TBH, I'd class it as a 4th order bandpass with pass ive radiator. The --unbraced-- plastic cabinet would happily ring along, like a PR.

Joking aside, out of the car, it's a simple, vented box. In the car, it would appear to be either an acoustically damped vented, or 4th order bandpass, dependant on if there's a route for the front of the "woofer" to your ears.

BTW - it's a Porsche Boxster... www.lmgtfy.com/?q=porsche boxster
So space will be at a premium.

Chris

PS - I say woofer with quote marks because there's no way I'd class a speaker that small as a woofer.
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Old 28th July 2009, 09:38 PM   #8
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Quote:
Originally posted by chris661


PS - I say woofer with quote marks because there's no way I'd class a speaker that small as a woofer.

of course its a woofer!

I had two 4inch WOOFERS doing 126dB at 44Hz, in car of course, but they really weren't woofers! they had an fs of 100hz!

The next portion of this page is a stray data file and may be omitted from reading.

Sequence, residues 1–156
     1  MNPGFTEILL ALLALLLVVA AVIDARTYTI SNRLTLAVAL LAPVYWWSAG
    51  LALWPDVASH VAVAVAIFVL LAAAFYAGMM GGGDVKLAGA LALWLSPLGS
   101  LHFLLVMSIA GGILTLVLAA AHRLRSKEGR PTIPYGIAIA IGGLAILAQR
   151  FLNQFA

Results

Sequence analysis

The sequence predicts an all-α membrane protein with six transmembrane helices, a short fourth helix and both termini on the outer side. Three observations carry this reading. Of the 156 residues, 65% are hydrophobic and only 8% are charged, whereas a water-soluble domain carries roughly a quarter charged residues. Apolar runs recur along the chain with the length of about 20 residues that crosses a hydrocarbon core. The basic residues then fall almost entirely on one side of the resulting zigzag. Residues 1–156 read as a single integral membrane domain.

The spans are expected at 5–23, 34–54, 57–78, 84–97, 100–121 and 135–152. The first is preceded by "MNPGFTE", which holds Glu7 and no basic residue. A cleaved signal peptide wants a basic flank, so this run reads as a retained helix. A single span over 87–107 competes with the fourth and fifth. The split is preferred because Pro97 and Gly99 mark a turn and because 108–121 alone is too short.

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Old 28th July 2009, 10:34 PM   #9
Nanook is offline Nanook  Canada
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Default DIY subwoofer classes it as a

6th order series tuned system .

Regardless, There's gotta be a better way..simple 5" or 6" cardboard tube and a couple of small woofers such as the Tangbands....I'm sure it'd sound a lot better ...
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Old 29th July 2009, 01:55 PM   #10
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I agree with the Tangbands idea, but I'm not buying the idea of http://www.diysubwoofers.org/bnd/6thord4.htm , because the port fires forwards, the drivers fire downwards, into a carpet.

Something like http://www.parts-express.com/project...oject=Firebird might be fun to try.

Chris